Monday, January 30, 2006

spices, spices, spices

those of you who cook many different cuisines regularly must have a huge collection of spices like i do. i’m having such a hard time organising them neatly. in new york, i used a combo of a spice rack and old pickle and jam jars but i’d like a prettier solution in london. thus far i haven’t been able to find any. all the spice jars that i’ve seen so far come fully stocked – i guess i should look online and order something from the net. maybe i haven’t found the right cooking shops in this city. i miss the container store!!

my 18 jar spice rack in the picture is what i brought along from new york. it has assorted spices for mostly non-indian food. i have sage, tarragon, oregano, nutmeg, ginger, thyme, parsley, dilweed, basil, cilantro, fennel, curry leaves, kesoori methi, lemon grass, mexican seasoning, chinese five spice and vanilla beans.

i’ve loaded my indian spice box with new spices i just bought from a fabulous indian grocery store on drummond street. you see methi (fenugreek), jeera (cumin), black mustard seeds, turmeric, chillie powder and salt. i haven’t made up my mind as yet on what to put in the last available container – maybe garam masala. or coriander seeds. or sambhar powder. i still have 15 odd spice packets lying around waiting for a home. among the destitutes are anardhana powder, white pepper powder, black peppercorns, garam masala, kalonji, shah jeera, kashmiri chilli powder and anardhana seeds to name a few. which of these do you think most most deserves a place in my indian spice box?

Sunday, January 22, 2006

home sweet home

we finally moved in this weekend to our new home in kensington. although we had a pretty decent temporary flat, there's nothing quite like the feeling of your own place. all our stuff arrived safely from new york and cleared customs quite quickly but they did charge us about £50 pounds as customs duty for some wine and vodka that we had snuck in the shipment - i'm amazed they found it! the packers did a phenomenal job in less than a day. to my pleasant surprise, not a single item was damaged. we got lucky indeed with the move.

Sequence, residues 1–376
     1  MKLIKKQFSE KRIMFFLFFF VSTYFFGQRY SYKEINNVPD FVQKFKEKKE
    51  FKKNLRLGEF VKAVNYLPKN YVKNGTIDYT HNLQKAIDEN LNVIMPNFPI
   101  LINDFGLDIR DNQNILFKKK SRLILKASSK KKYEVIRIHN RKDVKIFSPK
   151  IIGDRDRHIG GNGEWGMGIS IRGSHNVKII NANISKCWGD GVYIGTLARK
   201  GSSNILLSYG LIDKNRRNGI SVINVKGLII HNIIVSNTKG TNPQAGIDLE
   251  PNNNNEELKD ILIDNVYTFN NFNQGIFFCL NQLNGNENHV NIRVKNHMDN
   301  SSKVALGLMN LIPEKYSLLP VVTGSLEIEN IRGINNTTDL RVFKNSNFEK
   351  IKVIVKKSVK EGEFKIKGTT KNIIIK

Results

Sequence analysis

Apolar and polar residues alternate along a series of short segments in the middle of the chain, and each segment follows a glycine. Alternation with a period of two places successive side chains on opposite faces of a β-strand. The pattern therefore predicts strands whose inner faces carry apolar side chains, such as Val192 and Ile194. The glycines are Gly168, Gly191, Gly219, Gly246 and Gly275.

i love my neighbourhood already. the road we're on is lined with charming houses and is pretty quiet while still being just a few blocks away from all the action - shopping, restaurants, cinema and parks. we're a four minute walk from high street kensington tube station and a seven minute walk from the notting hill gate tube. we're also between holland park (one of the nicest parks in london) and hyde park. both are less than eight minutes away. i went for a long run in holland park this morning discovering the various trails. once inside the park, i felt like i was in the woods. it was unbelievably peaceful even at 9 am in the morning. just a few other joggers and dog walkers were enjoying the park. the mud trails, the ungroomed trees and the absence of "dressing-up " of plants give the park a very natural feel. there's a lot more to holland park that i'll blog about as i learn more.

here are a few photos of my kitchen. a bit plain vanilla but give me a few weeks and i'll be adding my signature look and feel! i've been told that it's a great size for a london kitchen as kitchens tend to be very small in this city. i guess a lot of londoners eat out or reheat prepared food most of the time! i love the huge windows that overlook a small enclosed atrium which has the sun roof of our neighbours below. the kitchen has plenty of storage which i'm pleased about because i have way too many kitchen items. the movers even remarked about that wondering how i was going to fit all my stuff. but i am confident of tucking everything away.